The University of Adelide Experiment 8F Reduction Oxidation Chemistry HW

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Question Description

Question 1

a) Which metals from Table 8.1 are considered VERY ACTIVE (react with water and aqueous hydrochloric acid), MODERATELY ACTIVE (react with aqueous hydrochloric acid but not water) or have LOW ACTIVITY (do not react with either)?

VERY ACTIVE:

MODERATELY ACTIVE:

LOW ACTIVITY:

b) For the metals that reacted with water and/or aqueous hydrochloric acid, write out an appropriate redox reaction equation and assign oxidation numbers to ALL elements (HINT: Use Equations 8.10 and 8.11 in your laboratory manual in order to guide you).

c) From your equations above, identify the species that are the oxidising agents and reducing agents in each redox reaction. Provide an explanation for your choices. (HINT: Think about the oxidation numbers of each element and how they change).


Question 2 a) Why do we not test each metal against a solution containing that metal? What would you observe if you did?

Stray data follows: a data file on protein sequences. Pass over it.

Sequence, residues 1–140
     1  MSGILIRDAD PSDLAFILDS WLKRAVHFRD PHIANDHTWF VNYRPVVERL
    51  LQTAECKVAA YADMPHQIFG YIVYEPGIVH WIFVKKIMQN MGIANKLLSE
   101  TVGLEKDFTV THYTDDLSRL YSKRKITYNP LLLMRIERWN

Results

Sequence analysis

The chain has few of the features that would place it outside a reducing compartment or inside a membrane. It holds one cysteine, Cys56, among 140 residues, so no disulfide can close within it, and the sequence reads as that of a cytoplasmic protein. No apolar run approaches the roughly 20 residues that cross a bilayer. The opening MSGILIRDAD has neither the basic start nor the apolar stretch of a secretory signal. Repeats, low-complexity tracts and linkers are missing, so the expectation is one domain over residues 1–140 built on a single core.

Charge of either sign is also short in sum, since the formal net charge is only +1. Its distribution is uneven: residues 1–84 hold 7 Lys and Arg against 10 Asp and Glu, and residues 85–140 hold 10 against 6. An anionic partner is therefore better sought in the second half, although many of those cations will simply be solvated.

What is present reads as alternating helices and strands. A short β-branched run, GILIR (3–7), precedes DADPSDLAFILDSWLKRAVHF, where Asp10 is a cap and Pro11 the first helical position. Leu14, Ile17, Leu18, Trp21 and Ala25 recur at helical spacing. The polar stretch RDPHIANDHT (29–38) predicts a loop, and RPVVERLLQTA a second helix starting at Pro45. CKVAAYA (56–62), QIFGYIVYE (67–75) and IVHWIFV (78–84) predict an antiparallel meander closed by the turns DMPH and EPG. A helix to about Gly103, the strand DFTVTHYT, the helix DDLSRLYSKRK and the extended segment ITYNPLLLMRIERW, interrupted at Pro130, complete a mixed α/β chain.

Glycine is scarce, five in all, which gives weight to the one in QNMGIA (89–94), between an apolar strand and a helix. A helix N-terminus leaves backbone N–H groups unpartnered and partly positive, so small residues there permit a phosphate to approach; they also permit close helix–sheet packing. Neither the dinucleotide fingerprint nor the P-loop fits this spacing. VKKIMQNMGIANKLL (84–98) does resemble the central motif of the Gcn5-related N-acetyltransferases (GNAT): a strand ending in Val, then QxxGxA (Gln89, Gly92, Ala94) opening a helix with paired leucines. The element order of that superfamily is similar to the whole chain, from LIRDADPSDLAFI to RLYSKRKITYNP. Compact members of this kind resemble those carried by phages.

b) Using your results complete the following redox equations. If no reaction occurred, then write ‘no reaction’ like in Equation 8.8 of your laboratory manual. Mg(s) + Pb(NO3)2(aq) →

Pb(s) + MgSO4(aq) →
Equation 8.13

Equation 8.14 c) What is the oxidation number of magnesium on the left and right-hand sides of Equation 8.13? Has magnesium been oxidized or reduced? Explain your answer.

d) Explain the outcome of the reaction in Equation 8.14.

e) Complete the Metal Activity Series below by considering the numbers you wrote in the final column of Table 8.2 (ignore Metal ‘Pg’ for the moment).

> > Metal Pg > >
Most Easily Oxidised
Least Easily Oxidised


Question 3

a) Complete the Halide Activity Series below by considering the numbers you wrote in the final column of Table 8.3. (HINT: Refer to page 7 of your Manual for more information).

> >
Most Easily Reduced
Least Easily Reduced

b) From the Activity Series above, complete the following sentence:
″The ability to reduce elements in Group 17 _____________ as you go down the group.″

c) Based upon yours answers in Question 3a) and the periodic trend described in Question 3b), write out the full Halogen Activity Series below. Be sure to include Fluorine (F) and Astatine (At) in your answer.